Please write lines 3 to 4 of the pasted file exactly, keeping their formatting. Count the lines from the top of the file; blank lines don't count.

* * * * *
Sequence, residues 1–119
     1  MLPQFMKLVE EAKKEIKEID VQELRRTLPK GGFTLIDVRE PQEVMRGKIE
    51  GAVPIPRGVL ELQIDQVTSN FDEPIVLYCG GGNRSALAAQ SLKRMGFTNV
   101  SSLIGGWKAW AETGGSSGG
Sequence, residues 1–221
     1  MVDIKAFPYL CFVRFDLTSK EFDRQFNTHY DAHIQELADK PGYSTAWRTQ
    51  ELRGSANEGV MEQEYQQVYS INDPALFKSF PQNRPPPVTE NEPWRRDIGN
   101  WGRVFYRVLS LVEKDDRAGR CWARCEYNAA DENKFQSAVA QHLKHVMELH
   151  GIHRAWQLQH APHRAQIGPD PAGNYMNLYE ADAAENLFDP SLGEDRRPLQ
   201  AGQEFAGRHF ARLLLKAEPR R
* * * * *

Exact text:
    51  GAVPIPRGVL ELQIDQVTSN FDEPIVLYCG GGNRSALAAQ SLKRMGFTNV
   101  SSLIGGWKAW AETGGSSGG